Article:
Today, a multitude of agents plays a significant role in earth system governance, ranging from traditional state actors to international organizations, civil society organizations, science networks, city coalitions, or business associations. At the same time, the overall governance architecture, from local to global levels, is becoming more complex as a consequence of ever increasing needs for governance and policy-development. This situation poses fundamental questions about the impacts of fragmented and complex governance architectures, the overall effectiveness of earth system governance, and the ways in which multiple agents at all levels influence related processes.
We invite papers on six interrelated clusters of questions:
1. Earth System Governance Architectures in the 21st Century
2. Climate and Energy Governance Architectures
3. The Nexus between Architecture and the other “A’s” in Earth System Governance
4. Political Dynamics in the Interface of Agency and Architecture
5. Methodological Challenges to Complex Architectures and Multiple Agents
6. Special Conference Stream on Nuclear Safety and Post-disaster Governance
* Abstract Submission:
We invite abstracts on one of these six conference themes from scholars in the social and natural sciences, as well as practitioners, from the global South and North. Abstracts must be submitted electronically through the conference website by 1 July 2012 and may not exceed 300 words. All abstracts will be evaluated in double-blind peer-review by several members of the conference review panel. For additional information on the Earth System Governance Project, including its Science and Implementation Plan, please visit
For additional information on the Earth System Governance Tokyo Conference, please e-mail us here:
We look forward to welcoming you to the first Earth System Governance conference in Asia!
Norichika KANIE
Chair, 2013 Earth System Governance Tokyo Conference
Erin Kennedy
Conference Manager, 2013 Earth System Governance Tokyo

Summer Institute, “Contemplative Environmental Studies,” July 1-7, in San Cristobal, NM

Environmental issues represent some of the most profound challenges humanity has ever faced. How can we best teach and undertake research in an age of environmental intensification? This Institute will bring together professors from various environmental disciplines to explore “whole person” environmental education and research. It will investigate the interface between one’s interiority and external political engagement with the aim of developing meaningful and effective orientations to environmental education and practice. The Institute will take place at the Lama Foundation, in the mountains of northern New Mexico. Part workshop and part retreat, the Institute offers a tremendous opportunity to experience contemplative practices such as yoga and meditation, and link them to our lives as environmental educators and researchers. For more information, contact Paul Wapner ( or visit: .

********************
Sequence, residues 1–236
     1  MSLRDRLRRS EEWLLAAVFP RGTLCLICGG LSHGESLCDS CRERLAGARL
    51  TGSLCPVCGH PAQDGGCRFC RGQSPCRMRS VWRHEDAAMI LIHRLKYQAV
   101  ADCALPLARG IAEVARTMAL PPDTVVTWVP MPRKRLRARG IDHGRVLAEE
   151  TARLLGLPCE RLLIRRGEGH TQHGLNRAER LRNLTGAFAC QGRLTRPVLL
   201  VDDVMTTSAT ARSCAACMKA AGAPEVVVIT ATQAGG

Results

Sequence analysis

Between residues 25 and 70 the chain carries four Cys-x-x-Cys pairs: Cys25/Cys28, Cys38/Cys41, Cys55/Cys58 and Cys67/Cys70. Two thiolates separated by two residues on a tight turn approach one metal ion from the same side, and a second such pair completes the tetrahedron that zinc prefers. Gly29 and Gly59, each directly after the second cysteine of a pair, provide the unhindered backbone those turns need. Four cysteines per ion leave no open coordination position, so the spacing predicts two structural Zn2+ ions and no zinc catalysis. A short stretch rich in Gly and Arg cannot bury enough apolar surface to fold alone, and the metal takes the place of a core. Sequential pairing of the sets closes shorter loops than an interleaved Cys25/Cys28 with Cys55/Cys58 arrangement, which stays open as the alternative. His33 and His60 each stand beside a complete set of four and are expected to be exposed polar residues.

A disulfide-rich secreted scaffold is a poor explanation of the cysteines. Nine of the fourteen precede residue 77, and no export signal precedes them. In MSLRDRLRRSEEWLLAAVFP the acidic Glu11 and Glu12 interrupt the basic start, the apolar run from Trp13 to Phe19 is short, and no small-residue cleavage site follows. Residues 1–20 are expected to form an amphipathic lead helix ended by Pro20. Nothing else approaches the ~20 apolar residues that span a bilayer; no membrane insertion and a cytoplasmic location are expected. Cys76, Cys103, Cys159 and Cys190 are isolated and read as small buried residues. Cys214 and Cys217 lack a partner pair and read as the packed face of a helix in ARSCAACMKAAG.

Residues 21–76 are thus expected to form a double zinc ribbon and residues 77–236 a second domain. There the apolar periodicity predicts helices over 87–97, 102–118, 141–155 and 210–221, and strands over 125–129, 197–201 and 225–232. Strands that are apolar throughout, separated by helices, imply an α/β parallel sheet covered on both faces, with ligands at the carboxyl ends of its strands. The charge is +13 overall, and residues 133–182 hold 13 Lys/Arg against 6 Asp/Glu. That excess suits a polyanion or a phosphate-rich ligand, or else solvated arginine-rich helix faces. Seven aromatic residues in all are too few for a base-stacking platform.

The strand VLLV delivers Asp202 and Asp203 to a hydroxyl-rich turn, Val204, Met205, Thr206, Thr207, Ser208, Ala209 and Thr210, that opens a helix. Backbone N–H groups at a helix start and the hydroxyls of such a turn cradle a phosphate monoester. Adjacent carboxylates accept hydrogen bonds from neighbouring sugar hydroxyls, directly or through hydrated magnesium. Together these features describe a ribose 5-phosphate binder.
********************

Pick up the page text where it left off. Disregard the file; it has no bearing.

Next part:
INGO Scholars
INGO Scholars is a place for scholars of international/transnational/global non-governmental organizations to connect. At INGO Scholars, we share events, new publications, research, teaching questions, and advice. We encourage scholars from all disciplines to engage with each other to strengthen our individual work as well as the field in general. Our current members examine issues of governance and accountability, service delivery, and INGO-government relations in the development, environmental, and humanitarian sectors, and beyond.
The INGO Scholars network was created in February 2010, and currently serves over 50 members. Membership is by invitation only, and we are looking to expand our current membership base. We invite you to visit our website at If you are interested in what you see and wish to join our community, we urge you to become a member by taking a few moments to sign up!

SC Opinion on Greenhouse Gas Accounting in Relation to Bioenergy – 15 September 2011

To download the PDF file visit:


You can find an array of career resources on the Environmental Studies section website at: